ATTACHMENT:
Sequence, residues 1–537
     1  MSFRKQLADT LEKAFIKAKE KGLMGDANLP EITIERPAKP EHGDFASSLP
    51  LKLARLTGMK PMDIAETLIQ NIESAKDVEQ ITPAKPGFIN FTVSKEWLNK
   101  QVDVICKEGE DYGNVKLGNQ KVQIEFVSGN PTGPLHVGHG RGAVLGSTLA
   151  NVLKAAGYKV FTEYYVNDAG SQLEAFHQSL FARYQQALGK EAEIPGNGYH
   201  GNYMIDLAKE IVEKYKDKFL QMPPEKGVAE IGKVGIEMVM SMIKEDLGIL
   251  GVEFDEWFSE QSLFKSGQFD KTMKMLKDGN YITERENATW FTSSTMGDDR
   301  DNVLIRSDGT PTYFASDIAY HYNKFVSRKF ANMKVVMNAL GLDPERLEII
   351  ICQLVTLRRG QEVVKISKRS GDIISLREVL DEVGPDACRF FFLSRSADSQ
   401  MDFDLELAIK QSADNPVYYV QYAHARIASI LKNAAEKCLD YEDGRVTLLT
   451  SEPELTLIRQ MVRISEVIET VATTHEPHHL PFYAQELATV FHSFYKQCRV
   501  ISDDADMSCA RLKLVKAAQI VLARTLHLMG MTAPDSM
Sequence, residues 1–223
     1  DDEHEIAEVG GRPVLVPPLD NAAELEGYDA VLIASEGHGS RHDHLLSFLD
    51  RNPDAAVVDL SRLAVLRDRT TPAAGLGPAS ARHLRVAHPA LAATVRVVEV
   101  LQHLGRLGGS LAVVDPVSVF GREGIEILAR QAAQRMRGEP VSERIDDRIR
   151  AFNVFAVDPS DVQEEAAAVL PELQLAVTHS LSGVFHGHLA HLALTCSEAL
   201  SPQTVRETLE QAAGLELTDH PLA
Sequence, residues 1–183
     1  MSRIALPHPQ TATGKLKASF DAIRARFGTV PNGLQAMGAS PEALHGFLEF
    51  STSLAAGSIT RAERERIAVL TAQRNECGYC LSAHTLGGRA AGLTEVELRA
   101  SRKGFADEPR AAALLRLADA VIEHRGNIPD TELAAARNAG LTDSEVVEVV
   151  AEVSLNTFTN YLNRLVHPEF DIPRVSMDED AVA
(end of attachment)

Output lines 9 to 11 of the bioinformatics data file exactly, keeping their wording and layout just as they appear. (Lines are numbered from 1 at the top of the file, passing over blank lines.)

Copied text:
   351  ICQLVTLRRG QEVVKISKRS GDIISLREVL DEVGPDACRF FFLSRSADSQ
   401  MDFDLELAIK QSADNPVYYV QYAHARIASI LKNAAEKCLD YEDGRVTLLT
   451  SEPELTLIRQ MVRISEVIET VATTHEPHHL PFYAQELATV FHSFYKQCRV